This Isn’t Your Average Toile Furniture—Look Closer for Its Hidden Meaning
Every inch of Sheila Bridges’s iconic pattern tells a story.
Updated Jan 17, 2019 1:03 PM
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Starting today, designer Sheila Bridges’s famous Harlem Toile de Jouy pattern is available for the first time on furniture, courtesy of The Inside. In five new colorways, from emerald to royal blue to lavender, you can put her handiwork on sofas, beds, chairs, pillows, screens, and ottomans.
Back in 2006 Bridges couldn’t find a toile in the marketplace that celebrated Black culture—so she created her own. At first glance, it appears to be a traditional take on the pattern, but it has a hidden meaning that’s yours to interpret—its subjects are playing basketball, dancing, and skipping rope. “Like art, it is up to the viewer to determine what they see based on their understanding of racial stereotypes that have been commonly associated with African Americans throughout history,” explains Bridges.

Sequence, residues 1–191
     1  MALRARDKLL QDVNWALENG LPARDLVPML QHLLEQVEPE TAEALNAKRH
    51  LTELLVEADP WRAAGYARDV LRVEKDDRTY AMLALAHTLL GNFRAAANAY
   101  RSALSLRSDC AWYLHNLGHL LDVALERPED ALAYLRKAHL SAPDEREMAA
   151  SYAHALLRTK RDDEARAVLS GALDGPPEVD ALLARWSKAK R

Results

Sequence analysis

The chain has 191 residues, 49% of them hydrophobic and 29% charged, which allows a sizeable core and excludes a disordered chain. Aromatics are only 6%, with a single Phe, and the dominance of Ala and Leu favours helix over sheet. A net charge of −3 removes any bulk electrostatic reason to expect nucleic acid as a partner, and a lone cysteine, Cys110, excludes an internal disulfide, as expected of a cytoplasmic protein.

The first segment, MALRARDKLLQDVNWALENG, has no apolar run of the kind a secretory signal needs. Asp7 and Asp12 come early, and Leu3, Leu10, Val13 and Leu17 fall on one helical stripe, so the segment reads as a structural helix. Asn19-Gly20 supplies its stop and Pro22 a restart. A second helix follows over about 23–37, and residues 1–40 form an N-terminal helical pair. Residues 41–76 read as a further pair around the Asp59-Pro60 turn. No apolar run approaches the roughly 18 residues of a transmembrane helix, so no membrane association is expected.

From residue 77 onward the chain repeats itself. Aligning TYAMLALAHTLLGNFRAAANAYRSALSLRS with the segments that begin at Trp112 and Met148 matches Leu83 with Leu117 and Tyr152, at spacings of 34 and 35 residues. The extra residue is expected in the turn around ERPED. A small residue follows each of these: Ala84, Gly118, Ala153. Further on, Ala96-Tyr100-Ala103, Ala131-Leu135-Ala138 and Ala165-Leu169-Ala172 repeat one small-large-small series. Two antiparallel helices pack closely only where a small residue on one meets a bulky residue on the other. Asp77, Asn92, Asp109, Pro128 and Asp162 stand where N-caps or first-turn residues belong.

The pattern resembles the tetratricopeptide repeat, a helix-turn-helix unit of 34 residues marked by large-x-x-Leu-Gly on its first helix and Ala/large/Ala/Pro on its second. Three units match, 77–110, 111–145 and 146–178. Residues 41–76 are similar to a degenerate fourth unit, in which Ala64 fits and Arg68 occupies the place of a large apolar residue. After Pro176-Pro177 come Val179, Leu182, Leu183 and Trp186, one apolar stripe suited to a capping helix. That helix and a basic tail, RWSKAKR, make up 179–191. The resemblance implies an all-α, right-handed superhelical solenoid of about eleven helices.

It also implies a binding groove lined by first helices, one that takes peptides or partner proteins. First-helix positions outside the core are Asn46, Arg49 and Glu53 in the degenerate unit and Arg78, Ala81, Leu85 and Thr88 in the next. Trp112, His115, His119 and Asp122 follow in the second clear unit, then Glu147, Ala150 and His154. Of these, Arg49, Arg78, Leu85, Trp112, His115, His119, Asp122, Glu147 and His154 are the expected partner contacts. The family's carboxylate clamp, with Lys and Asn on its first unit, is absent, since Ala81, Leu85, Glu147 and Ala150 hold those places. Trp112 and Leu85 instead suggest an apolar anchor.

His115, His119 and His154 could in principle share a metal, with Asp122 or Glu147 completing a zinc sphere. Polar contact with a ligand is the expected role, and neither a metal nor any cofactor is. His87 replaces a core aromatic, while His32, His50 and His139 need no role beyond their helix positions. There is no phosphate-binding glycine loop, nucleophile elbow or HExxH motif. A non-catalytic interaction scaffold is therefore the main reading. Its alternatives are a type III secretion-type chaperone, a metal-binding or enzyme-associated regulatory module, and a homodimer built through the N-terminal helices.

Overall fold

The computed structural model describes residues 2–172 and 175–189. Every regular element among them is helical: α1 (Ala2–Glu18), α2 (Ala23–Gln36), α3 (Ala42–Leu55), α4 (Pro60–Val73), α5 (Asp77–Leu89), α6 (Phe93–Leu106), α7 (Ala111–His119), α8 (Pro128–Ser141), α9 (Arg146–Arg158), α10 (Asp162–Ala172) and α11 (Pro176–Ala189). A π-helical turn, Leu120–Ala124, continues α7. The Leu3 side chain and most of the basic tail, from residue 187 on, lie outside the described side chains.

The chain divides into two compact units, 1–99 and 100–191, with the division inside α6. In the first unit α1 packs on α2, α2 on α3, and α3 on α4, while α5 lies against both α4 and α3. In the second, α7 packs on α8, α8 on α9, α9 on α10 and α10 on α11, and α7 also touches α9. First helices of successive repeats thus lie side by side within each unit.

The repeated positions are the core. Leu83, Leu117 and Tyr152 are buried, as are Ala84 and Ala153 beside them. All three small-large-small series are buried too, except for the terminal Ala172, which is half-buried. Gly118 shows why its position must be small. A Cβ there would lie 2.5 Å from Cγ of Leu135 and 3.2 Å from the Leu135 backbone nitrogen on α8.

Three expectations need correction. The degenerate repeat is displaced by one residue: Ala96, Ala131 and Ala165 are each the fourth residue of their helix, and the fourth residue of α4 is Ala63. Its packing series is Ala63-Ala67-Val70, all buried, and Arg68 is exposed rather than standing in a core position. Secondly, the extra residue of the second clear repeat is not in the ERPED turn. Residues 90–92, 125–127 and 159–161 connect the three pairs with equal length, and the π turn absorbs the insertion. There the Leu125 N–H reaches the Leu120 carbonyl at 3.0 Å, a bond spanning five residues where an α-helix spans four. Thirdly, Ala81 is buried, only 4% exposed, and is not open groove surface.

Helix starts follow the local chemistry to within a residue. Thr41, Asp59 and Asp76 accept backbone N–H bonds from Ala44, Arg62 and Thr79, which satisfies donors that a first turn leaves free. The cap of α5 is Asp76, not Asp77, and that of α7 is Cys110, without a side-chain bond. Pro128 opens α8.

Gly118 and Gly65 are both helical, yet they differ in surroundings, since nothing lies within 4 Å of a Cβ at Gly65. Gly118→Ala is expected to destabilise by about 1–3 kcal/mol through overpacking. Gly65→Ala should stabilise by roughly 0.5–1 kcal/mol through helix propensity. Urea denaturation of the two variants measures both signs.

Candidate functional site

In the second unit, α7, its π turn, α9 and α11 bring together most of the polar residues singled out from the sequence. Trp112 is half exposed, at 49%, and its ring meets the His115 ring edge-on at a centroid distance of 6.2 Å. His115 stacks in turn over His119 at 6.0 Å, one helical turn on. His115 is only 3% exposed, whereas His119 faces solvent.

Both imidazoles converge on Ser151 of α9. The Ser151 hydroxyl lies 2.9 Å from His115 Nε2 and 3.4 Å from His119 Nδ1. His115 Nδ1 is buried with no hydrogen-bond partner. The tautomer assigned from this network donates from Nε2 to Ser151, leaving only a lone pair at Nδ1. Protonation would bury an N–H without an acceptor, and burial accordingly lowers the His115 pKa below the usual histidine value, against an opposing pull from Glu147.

Since its creation, her Harlem Toile print has appeared in New York City’s Cooper Hewitt Museum and the Red Rooster restaurant in London. We even spotted it in HBO Max’s new series Stylish With Jenna Lyons.
How would Bridges style it? “Harlem Toile is a twist on a classic, so I would challenge people to think about mixing it with other fabrics that feel unexpected and less traditional, with the unifying thread being color,” she says. For example, she plans to put an ottoman (in Tuxedo, an inky shade) to work in her black and orange office. It will be part storage and part conversation piece.
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